One disadvantage of spending a lot of time working with/thinking about/talking about the trains is that it becomes easy to forget that just because something is obvious to me does not mean that it’s also going to be obvious to tourists or other people who don’t ride the trains often (why no, most people do not have the motto “Eat… Sleep… Run trains”).
Case in point: I was downtown last week on one of my days off, walking east on Morrison near the Pioneer Courthouse and Pioneer Place Mall. I crossed 5th Ave and saw a woman in a wheelchair on the westbound platform waiting up near where the lead cab of the train would stop. Looking further down Morrison, I saw the train that would be coming in had a Type 1 as the lead car.
So to save her (and the operator of that train) some time, I mentioned to the woman that the front car of the incoming train would have stairs and no ramp, so she would have an easier time boarding if she went further down the platform to where the low-floor would stop. She thanked me for letting her know and asked “How were you able to tell? I’ve never known where to wait to get on.”
I pointed out the windshield of the train: Type 1s, which are the only cars in the fleet with stairs and no bridgeplates, are also the only ones with a bevelled cab where the cab windows flank the windshield, making it look like the windshield is in three pieces. You can tell a Type 1 at a distance because all of the rest have a single pane windshield and the cab windows are on the sides. If you see a train with a 3-piece windshield coming in, then the front car of that train has stairs and the trailing car will be a low-floor with bridgeplates (this keeps every train ADA accessible).
I also said that since the cars with stairs are always coupled to a low-floor car with bridgeplates, the best place for people waiting to board with a mobility device is about halfway down the platform. That way, it doesn’t matter whether the leading or trailing car is the low-floor, the passengers will have at most half a car length to go to get to a door with bridgeplates. This is mentioned on TriMet’s webpage, but I don’t think it’s very well-known because I see a lot of people who will need bridgeplates waiting at one end of the platform instead of the middle (in which case they’ll need to go almost a car-length and a half, or roughly 140 feet, to get to a bridgeplate door if the end they’re waiting at gets a Type 1). Not a small distance to cover in a hurry!
Related to this, I went back and dug up a post I remembered of Al M‘s from a while back showing video of a TriMet board meeting where a panel gave a presentation on serving the needs of an aging society. One of the comments brought up during their talk (at about 40min 30sec in the video, I looked it up so you don’t have to) was that they wanted to see the low-floor car always in the same location on every train – by which I’m assuming they mean something like the trailing car will always be a low-floor so people with disabilities know where to wait for easier boarding. They thought this had “been addressed” but “apparently that’s not the case, it still moves around and makes it hard for people with disabilities to know where to be on the platform.”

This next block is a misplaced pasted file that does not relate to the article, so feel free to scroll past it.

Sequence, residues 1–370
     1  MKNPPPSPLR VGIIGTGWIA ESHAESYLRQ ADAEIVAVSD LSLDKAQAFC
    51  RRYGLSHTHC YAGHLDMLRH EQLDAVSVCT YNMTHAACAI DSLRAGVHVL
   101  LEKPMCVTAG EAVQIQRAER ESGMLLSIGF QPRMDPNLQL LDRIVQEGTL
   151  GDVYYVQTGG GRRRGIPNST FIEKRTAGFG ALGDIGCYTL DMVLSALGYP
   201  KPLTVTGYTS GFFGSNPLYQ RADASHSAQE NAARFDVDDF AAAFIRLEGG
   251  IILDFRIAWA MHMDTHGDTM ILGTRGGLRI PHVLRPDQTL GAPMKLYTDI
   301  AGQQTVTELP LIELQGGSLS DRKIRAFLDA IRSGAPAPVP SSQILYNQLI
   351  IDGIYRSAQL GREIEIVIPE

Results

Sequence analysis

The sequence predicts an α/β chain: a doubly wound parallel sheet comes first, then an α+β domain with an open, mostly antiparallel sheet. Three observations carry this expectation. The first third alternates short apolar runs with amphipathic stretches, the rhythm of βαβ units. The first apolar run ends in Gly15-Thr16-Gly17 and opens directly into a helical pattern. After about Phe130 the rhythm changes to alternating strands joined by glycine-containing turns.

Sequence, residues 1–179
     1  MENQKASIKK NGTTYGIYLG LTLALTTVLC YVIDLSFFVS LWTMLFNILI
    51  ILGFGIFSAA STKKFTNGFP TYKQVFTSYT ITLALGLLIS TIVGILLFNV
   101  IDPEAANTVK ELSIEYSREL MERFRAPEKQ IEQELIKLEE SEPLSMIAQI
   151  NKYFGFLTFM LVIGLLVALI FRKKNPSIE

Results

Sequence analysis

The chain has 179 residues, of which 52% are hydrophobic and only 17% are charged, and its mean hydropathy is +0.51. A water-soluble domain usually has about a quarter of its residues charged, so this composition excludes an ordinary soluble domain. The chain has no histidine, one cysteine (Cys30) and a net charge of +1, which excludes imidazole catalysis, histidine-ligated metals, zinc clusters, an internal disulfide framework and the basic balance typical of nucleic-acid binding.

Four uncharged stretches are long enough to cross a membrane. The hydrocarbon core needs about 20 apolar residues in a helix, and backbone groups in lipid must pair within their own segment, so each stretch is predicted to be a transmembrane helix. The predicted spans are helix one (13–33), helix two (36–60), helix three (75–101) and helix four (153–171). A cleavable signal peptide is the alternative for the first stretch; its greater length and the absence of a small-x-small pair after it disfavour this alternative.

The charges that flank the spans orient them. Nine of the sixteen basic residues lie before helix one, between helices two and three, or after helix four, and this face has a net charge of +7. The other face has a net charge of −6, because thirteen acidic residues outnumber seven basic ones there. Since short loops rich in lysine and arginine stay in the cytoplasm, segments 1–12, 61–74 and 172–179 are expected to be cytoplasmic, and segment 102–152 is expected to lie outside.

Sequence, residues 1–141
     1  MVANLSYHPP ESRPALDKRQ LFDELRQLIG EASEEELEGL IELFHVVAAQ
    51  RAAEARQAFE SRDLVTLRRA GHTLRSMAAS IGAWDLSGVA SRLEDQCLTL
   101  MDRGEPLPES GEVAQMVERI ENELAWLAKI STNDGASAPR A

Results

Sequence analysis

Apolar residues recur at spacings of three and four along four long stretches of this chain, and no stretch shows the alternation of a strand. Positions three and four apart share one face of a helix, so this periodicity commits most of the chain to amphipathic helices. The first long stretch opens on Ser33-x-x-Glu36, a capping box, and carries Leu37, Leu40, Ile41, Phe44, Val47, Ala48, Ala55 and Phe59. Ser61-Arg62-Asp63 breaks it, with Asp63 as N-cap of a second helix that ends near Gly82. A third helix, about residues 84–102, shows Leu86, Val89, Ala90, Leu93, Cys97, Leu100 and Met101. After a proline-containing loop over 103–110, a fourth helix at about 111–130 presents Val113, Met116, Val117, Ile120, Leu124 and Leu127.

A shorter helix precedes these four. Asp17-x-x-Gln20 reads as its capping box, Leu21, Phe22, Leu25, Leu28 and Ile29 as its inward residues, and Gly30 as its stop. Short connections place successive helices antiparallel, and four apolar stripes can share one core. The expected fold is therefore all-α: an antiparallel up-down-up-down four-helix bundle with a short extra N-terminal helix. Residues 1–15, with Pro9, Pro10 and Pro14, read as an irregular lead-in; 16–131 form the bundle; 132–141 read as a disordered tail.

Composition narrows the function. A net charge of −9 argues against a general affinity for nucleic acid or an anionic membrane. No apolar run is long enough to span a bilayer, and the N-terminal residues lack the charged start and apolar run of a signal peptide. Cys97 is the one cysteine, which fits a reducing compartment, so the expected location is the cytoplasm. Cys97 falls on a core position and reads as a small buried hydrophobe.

My Twitter background. On the left, Train 9 had a trailing Type 1 coming in westbound to Hatfield; it will have a leading Type 1 going east to Cleveland
Looking at the video of the meeting, I don’t think anyone responded to this at the time, but the answer is that it does not work, practically speaking, to always have the low-floor car be in the same place. The alignment isn’t a loop on which the trains run in a circle which would allow the same car to always be in the front. At the ends of the lines, operators switch cabs – what had been the trailing car coming in is now the leading car going out. It’s not going to happen that a pit crew will be on hand to uncouple the cars, shuffle them, and recouple so that the cars will be in the same position going out as they were coming in (though that would be pretty cool, now that I think about it..) There really isn’t anything to “address” with this, aside from TriMet proactively educating people with disabilities on where to wait to board the trains. More outreach needed maybe?
One more thing about the bridgeplates that often isn’t known by people who aren’t regular MAX commuters is that the doors must be closed for the bridgeplates to deploy and retract. Many passengers who aren’t used to how the bridgeplates work will see the doors start to close and force them to reopen because they think they’re going to be left behind. This is how the doors are designed to work though, and the doors will reopen once the bridgeplate is extended. If you need the bridgeplate and the operator sees you, they can be deployed from inside the cab. This is faster than hitting the blue bridgeplate release button outside the train since you’d have to wait for the doors to close first. However, if the operator does not see you and deploy the bridgeplates for you, you can use that button yourself as long as the doors are open or on release. The doors will close, the bridgeplate will extend, and then the doors will reopen so that you can board the train.